A big rig with a refrigerated trailer. The CARB transport refrigeration unit regulatory concept would limit the GWP of refrigerants in TRUs to 5.
A semi-truck with a refrigerated trailer. Photo credit: Vitpho for Shutterstock.

CARB ‘Regulatory Concept’ Would Set a Refrigerant GWP Limit of 5 for Transport Refrigeration Units

In its current form, the regulation would apply to transport refrigeration units built after December 31, 2032.

The California Air Resources Board (CARB) is considering a “potential regulatory concept” that would require transport refrigeration units (TRUs) built after December 31, 2032, to use a refrigerant with a maximum GWP of 5.

The GWP limit was discussed during a public TRU regulation concepts development workshop hosted by CARB on May 22. It would apply to truck, trailer, domestic shipping container and railcar TRUs but not to TRU generator sets, removable refrigeration units for trailers and containers.

A work in progress: The concept is part of a larger CARB regulatory push to transition diesel-powered TRUs to zero-emission technologies, such as electricity, hydrogen and liquid nitrogen.

  • The impetus for the transition is Executive Order N-79-20, issued by California Governor Gavin Newsom in 2020, which set a goal for 100% zero-emission off-road vehicles and equipment in California by 2035.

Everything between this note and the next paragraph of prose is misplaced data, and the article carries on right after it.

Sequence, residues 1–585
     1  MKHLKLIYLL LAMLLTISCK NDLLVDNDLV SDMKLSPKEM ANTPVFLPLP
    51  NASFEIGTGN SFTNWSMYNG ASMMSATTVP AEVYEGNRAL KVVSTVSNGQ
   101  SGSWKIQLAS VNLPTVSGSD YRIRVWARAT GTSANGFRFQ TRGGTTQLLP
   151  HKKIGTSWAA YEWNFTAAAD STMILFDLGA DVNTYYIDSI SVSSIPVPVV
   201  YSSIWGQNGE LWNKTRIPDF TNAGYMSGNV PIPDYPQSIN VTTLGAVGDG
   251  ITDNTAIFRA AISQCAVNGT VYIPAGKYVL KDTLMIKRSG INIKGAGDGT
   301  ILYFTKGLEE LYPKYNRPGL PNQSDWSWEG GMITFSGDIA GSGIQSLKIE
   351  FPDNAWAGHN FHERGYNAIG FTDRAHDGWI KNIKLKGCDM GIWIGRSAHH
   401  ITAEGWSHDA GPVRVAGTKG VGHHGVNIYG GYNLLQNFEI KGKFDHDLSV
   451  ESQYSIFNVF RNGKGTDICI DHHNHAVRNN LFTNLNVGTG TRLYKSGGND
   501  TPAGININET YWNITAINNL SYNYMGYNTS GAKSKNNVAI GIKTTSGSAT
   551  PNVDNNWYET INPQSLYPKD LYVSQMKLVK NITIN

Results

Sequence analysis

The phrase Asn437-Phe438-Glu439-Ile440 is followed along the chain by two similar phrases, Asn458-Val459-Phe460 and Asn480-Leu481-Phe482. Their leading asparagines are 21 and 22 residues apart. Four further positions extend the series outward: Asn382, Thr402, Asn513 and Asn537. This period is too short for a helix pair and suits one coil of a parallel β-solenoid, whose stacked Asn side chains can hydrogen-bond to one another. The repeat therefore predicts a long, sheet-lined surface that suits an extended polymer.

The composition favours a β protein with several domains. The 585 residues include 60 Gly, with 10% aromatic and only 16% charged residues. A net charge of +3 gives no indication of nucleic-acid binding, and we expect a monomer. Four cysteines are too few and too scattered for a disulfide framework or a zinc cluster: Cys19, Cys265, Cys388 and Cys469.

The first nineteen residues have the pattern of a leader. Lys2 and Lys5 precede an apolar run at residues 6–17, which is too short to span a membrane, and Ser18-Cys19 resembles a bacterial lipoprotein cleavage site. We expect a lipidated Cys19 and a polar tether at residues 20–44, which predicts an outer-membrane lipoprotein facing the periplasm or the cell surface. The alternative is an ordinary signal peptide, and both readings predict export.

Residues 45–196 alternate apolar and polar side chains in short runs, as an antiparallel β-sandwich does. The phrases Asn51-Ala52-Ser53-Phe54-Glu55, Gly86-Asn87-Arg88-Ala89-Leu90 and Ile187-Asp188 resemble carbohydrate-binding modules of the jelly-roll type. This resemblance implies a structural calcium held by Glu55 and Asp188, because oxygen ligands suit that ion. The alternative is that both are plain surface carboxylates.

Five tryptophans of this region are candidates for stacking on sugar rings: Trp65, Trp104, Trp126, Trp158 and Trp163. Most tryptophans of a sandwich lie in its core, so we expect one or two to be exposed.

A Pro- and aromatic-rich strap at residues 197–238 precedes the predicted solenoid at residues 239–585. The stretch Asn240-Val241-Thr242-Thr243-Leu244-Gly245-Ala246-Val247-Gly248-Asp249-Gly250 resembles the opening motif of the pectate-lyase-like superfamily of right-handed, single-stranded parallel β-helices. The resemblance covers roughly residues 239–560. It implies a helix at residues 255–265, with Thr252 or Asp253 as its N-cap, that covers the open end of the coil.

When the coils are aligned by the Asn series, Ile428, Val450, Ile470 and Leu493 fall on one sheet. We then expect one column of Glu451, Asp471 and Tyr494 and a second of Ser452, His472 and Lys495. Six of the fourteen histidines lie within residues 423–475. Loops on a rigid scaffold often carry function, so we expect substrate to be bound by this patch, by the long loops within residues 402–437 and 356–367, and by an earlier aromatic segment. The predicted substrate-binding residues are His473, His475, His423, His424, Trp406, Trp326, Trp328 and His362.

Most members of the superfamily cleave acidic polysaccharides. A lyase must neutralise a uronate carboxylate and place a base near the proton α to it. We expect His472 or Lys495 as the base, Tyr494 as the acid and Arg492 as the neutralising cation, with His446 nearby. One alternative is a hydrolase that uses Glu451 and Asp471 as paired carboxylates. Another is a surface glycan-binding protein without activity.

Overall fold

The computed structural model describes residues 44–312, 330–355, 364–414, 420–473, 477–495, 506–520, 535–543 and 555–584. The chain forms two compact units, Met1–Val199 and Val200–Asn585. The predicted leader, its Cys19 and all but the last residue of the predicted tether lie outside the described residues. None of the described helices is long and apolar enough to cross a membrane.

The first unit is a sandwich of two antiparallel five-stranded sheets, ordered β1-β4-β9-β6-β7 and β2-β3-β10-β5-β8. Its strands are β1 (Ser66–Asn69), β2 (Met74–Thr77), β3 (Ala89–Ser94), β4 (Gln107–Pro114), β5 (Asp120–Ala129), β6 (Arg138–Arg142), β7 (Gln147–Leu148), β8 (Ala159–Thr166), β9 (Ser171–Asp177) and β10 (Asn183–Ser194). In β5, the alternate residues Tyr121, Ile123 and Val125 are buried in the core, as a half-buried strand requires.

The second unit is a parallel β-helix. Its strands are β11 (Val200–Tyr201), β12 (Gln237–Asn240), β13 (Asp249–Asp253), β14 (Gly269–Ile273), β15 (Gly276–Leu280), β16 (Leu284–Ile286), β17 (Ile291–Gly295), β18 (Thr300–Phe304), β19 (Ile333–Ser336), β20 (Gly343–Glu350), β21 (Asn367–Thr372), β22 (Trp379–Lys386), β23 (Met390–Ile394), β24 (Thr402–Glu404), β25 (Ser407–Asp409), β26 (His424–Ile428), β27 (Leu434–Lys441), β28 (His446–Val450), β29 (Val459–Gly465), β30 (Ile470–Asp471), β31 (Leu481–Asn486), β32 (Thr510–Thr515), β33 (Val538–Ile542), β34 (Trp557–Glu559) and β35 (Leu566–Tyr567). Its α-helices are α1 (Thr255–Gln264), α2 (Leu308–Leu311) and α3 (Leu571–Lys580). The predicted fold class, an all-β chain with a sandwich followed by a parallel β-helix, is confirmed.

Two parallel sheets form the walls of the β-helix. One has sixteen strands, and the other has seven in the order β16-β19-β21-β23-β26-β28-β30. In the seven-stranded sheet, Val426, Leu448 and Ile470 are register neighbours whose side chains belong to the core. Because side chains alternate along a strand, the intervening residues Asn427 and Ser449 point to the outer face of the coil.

• A 2022 amendment to CARB’s Transport Refrigeration Unit Airborne Toxic Control Measure (TRU ACTM) requires all truck TRUs operating in California to be zero-emission by December 31, 2029.
  • “CARB will use stakeholder input gathered to refine a potential regulation, but a regulation has not yet been formally proposed or adopted,” Lynda Lambert, Information Officer II at CARB, told NaturalRefrigerants.com. “If CARB does proceed with the requirement, any staff analysis and rationale for proposing such a requirement will be included in the staff report, which is not expected until 2026.”

A massive drop: If this concept were to become a regulation, it would represent a major change from the current GWP limit of 2,200 for newly manufactured TRUs, which went into force December 31, 2022.

  • CARB estimates that, of all the non-truck TRU operations in California, 82% are trailer TRUs, 16% are TRU generator sets, and 2% are domestic shipping container and railcar TRUs.
  • Under the American Innovation and Manufacturing (AIM) Act’s “Technology Transitions” rule, intermodal refrigerated transport containers “with exiting fluid temperature from a chiller equal to or above –50°C (–58°F)” cannot use a refrigerant with a GWP exceeding 700 from January 1, 2025.

NatRef alternatives: While the majority of transport refrigeration units use f-gas refrigerants, natural refrigerant alternatives using CO2 (R744) and hydrocarbons such as propylene (R1270) are available.

  • German manufacturer ECOOLTEC’s TM182, a propylene/CO2 TRU powered by electricity, went on sale in Europe in 2023. In April, U.K. supermarket chain Tesco took delivery of two trucks equipped with the TM182.
  • Carrier Transicold’s NaturaLINE marine container refrigeration unit uses CO2, with the company saying it “delivers sustainability and efficiency equal to our best-in-class performer.”
  • In 2021, Italian gas provider SIAD debuted the COOL FreeToGo, a TRU that used the evaporation of liquid CO2 as opposed to the traditional vapor compression cycle, to provide cooling.

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